08-21-2011, 12:46 PM #7
I had considered adding grommets to mine, but in order to do so, I would have to open up the hole in the tank. Problem was if something didn't work, there was no going back. My thinking was that if my feedthroughs didn't work, I could still open up the holes later if I needed to.
And yes... It was much more cost in labor than the string trimmer was worth.
08-21-2011, 01:17 PM #8
You all should be thanking your lawmakers for making mandatory the use of ethonol fuel. That is your problem, go back to straight petroleum gasolines for your weedeaters, chainsaws, hedgtrimmers, and leaf blowers and your problems are through. It will harden up many plastics and man made rubber compounds. I know you will be putting corn growers out of business, but we have to draw the line somewhere.
08-21-2011, 01:21 PM #9
i see FTF is using a good quality tubing-tagon tubing is about the best you can buy.if its clear or pink it isnt worth the bag it came in.another thing i have done is a piece of nylon tube inside the fuel line to aid in a tight fit.the brass fitting is a great idea,a tiny o-ring may help.a person could slip a nut inside the tank and really improve the seal.question is-how much is the trimmer worth to you?even stihl and husqvarna use that type of setup.the shihls put the line in top of the tank.
08-21-2011, 11:46 PM #10
The details are that the original tubing of unknown age leaked because it had hardened and shrunken, so I went to the big box store and bought some "fuel line" from the small engine parts area of the lawn and garden section. It was clear like the original, and I believe the package said it was "vinyl". Put it on and life was good.
For about two weeks.
After only two weeks, that vinyl tubing had become stiff and shrunken to the point that it too had started to leak. So I went to my local lawn and garden service center, and bought some high quality Tygon tubing. The best they had! Put it on, and life was good.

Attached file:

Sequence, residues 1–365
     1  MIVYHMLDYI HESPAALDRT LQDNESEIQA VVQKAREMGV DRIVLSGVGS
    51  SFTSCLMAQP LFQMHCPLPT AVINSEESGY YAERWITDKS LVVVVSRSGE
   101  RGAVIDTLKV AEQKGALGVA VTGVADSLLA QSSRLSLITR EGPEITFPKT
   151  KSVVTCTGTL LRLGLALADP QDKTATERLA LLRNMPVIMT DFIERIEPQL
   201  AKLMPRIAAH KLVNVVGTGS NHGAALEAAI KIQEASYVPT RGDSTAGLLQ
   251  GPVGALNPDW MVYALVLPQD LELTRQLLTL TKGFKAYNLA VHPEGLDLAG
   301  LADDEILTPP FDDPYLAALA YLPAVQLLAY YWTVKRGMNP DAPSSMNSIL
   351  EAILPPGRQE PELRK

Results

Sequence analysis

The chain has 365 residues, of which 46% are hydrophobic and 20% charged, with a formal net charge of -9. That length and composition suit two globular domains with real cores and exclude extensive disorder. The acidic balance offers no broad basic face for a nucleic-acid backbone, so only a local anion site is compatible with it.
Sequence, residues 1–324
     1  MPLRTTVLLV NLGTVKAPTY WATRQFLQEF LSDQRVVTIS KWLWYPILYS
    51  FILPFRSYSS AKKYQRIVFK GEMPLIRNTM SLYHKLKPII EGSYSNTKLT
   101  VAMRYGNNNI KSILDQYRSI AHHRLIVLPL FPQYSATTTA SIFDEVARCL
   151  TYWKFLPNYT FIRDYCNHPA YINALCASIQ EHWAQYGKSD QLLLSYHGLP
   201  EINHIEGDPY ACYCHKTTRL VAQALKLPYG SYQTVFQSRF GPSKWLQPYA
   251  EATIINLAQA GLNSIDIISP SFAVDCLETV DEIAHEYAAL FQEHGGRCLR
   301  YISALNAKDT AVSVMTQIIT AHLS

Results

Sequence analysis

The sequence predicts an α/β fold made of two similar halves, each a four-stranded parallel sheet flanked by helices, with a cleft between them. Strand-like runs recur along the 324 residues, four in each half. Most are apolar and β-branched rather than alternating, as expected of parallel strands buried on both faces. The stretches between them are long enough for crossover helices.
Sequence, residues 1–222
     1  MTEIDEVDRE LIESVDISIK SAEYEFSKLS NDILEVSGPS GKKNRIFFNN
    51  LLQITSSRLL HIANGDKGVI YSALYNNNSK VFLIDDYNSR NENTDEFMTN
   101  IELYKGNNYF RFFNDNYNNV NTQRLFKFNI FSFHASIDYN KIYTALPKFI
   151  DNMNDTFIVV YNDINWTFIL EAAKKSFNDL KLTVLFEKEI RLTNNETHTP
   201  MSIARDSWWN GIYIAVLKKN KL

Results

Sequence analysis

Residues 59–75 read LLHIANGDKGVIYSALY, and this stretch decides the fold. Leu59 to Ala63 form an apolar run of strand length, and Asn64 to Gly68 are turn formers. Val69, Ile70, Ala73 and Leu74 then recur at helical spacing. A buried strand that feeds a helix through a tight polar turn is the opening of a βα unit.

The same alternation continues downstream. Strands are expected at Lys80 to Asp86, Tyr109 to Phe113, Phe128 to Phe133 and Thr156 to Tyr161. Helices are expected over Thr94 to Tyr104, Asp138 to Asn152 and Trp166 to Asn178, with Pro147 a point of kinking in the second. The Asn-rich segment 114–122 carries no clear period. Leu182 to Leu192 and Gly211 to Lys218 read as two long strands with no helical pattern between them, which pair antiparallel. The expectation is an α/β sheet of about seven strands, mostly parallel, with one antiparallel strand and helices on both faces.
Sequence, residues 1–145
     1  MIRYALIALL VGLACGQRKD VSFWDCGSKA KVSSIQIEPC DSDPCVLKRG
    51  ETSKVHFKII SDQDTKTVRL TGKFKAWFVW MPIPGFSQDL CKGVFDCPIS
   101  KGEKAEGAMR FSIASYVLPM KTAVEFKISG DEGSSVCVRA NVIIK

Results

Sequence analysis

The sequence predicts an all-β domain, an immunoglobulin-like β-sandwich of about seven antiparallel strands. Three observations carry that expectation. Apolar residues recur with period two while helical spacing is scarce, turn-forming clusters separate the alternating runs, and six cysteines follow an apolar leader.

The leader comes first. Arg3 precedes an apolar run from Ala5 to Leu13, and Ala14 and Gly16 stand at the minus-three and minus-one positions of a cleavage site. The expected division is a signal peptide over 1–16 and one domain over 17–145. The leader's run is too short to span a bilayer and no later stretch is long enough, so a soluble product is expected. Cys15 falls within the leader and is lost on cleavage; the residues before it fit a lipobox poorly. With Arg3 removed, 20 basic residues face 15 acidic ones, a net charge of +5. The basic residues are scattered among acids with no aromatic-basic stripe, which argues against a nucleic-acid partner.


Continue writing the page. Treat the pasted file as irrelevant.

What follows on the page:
For the rest of that season.
By the beginning of the next growing season, even that high quality Tygon tubing had shrunk and become stiff and started to leak. So I went to my local hobby shop and poked around the stuff they use for RC models. They had several varieties, including stuff that was specifically called out for use with "gasoline". Not the traditional RC engine fuel, but straight up gasoline. I bought some of that, put it on, and life was good.
For one season.
So, I made those feedthroughs. Yes, it took a bunch of time standing in front of the lathe, but I probably burned more time than that messing with the durn thing and driving around looking for new tubing.
I'm positive that those feedthroughs are up to E100 resistant. Hasn't made a peep since.
08-22-2011, 03:14 AM #11
I got tired of this problem and the problem of storage and bought a propane fired unit from Ace.
I'll never own a gas weed eater again.
08-22-2011, 03:29 AM #12
I had the same problem a couple years ago. I went to the hardware store and bought a tube of Loctite Stick N Seal Extreme. At that time it was advertized for use where fuel and solvents were present. I see the new add says for "applications requiring solvent resistance".
08-22-2011, 02:38 PM #13
Just replaced lines on my old Poulan. No leaks so far. I stretched the lines as I pulled them through and let them relax back. Worked. Blower is next.
08-23-2011, 05:19 AM #14
I had the same problem with a Ryobi weed eater. The lines have a little fitting, but the one at the bad line is missing, crumbled and fell out, I guess.
I couldn't find tiny fitting locally, so I bought the line anyway and went home. When I installed the line I stood in front of a tool box eyeballing stuff in it; I wrapped the line with teflon tape and built up a good thick layer, pushed the line and teflon into the tank as far as it would go, then pushed on the teflon to jam it into the hole.